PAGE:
What is cancer? In the simplest of terms, cancer refers to cells in the human body growing out of control. The body, unable to regulate these cells, eventually succumbs to the chaos associated with uncontrolled growth. Man has long struggled with this disease; physicians from 3000 BC report burning the external manifestations of cancer with a “fire drill” and despairingly wrote that there was no successful treatment.
Treatments Numerous therapies have been developed since, but many were pitched by grifters and pseudo-scientists looking to capitalize on the hopeful desperation of victims and their families. Even the best scientists developed theories that seem outlandish today. Hippocrates declared that the body “humors,” blood, phlegm and yellow-and-black bile, needed to be in “balance.” This theory persisted for more than 1,300 years! Later claims still seem equally far-fetched, but were advanced by some of the most respected minds of the times.
Until recently, the accepted treatments mainly involved surgery, chemotherapy and radiation. Surgery attempts to remove the faulty deadly tissues, whereas chemotherapy and radiation destroy the engines in these rapidly growing cells, thereby preferentially killing cancer cells. Through decades of research, variations of these treatments have become more sophisticated, more precise and more successful.
For example, patients with testicular cancer can actually be cured with these existing treatments. Collateral damage and side effects can be minimized with successful cancer treatment, as well. Patients cured surgically for prostate cancer can hope for recovery of urinary and sexual function, especially if a surgeon experienced and skilled in robotic techniques performs the surgery.
Immunotherapy The notion of using the immune system to fight the body’s cancer is not new. The value of proper nutrition and exercise has been advocated for years as a way to keep the body and its immune system primed for such struggles. However, cancer can often elude even the stoutest defenses if the immune system doesn’t know what to seek.
Science has developed biologics such as cytokines and interferons, which serve as stimulants or a “volume knob” for the immune system. These treatments are used to treat patients with advanced kidney cancer. However, an immune system that has its volume “turned up” with no directed target puts the entire body at risk, and the increased stress to the system often makes patients very sick.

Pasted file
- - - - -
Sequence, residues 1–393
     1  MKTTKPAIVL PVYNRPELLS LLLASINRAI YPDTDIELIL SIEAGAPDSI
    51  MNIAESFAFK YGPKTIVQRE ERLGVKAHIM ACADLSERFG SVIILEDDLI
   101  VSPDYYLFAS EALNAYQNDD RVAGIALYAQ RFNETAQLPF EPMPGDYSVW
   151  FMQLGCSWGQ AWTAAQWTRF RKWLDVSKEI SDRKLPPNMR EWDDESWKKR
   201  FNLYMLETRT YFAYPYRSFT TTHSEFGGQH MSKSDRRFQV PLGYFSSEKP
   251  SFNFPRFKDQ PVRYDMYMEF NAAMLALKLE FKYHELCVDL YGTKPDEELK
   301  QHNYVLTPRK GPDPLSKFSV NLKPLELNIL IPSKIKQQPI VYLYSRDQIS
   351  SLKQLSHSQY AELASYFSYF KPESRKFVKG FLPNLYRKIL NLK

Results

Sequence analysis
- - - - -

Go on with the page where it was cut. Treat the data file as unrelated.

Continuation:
Immunotherapy was given a boost when scientists discovered how to mass-make antibodies in the 1970s. As understanding of various cancers progressed, studies were launched to see if the antibodies could be used to more precisely recognize antigens present on the cancer cells.
Antigen recognition led to breakthroughs in the imaging and treatment of different cancers. The first therapeutic monoclonal antibodies, Rituxan and Herceptin, were approved during the late 1990s for the treatment of lymphoma and breast cancer, respectively. Monoclonal antibodies are like soldiers deployed to recognize and defeat a specific enemy. They now have a defined role against many cancers and are undergoing study in the treatment of other cancers.
Of course, relying on outside soldiers to fight cancer seems less ideal than triggering one’s own immune system to create an army of its own fighters. In 2009, scientists reported the first successful tuning of the immune system in a study showing that immunotherapy-treated lymphoma patients lived longer. In 2010, the Food and Drug Administration (FDA) approved Provenge as the first and only immunotherapy for the treatment of advanced prostate cancer.2
Provenge is an autologous (pronounced aw-tol-uh-guhs) treatment, which means that the immune cells activated to fight the prostate cancer come from the patient himself. Normally, once prostate cancer spreads to the bone, treatment focuses on castration or eliminating testosterone, which serves as fuel for this cancer. At a certain point, prostate cancer cells outwit castration and lead to the patient’s death. With Provenge, patients can call on their immune system to jump into battle once castration no longer works.
Treatment with Provenge
During the course of a month, patients receive three personalized doses of Provenge. To make each dose, blood is drawn and a machine collects a fraction of the immune cells present. These cells are then sent to a facility where they are stimulated and exposed to an antigen associated with prostate cancer. A few days later, the patient receives the personalized dose, now rich in activated T cells, trained and prepared to fight the prostate cancer cells.
Patients can live longer with Provenge. A clinical study showed a 22.5 percent reduction in the risk of death. Less than 1.5 percent of men had to stop treatment due to side effects, which were usually temporary chills, fatigue, nausea or fever associated with the infusion of the cells.3
Understanding and interpreting the success of treatment is slightly different than with surgery or castration, which can immediately drop blood levels of PSA – a marker associated with prostate cancer. Immunotherapy takes time to start working, and changes in PSA levels do not fully deduce the immediate success of the treatment.
Immunotherapy represents an exciting new frontier in the treatment of prostate cancer. History has shown that cancer treatments are ever evolving, but the change usually generates great success.
- Provenge is immunotherapy for the treatment of asymptomatic or minimally symptomatic patients with metastatic prostate cancer not responding to conventional castration therapy.
Naveen Kella, M.D., is the director of robotic surgery and a board-certified urologist at the Urology and Prostate Institute. For more information or to schedule a consultation with him, please contact the institute at 210-284-6640.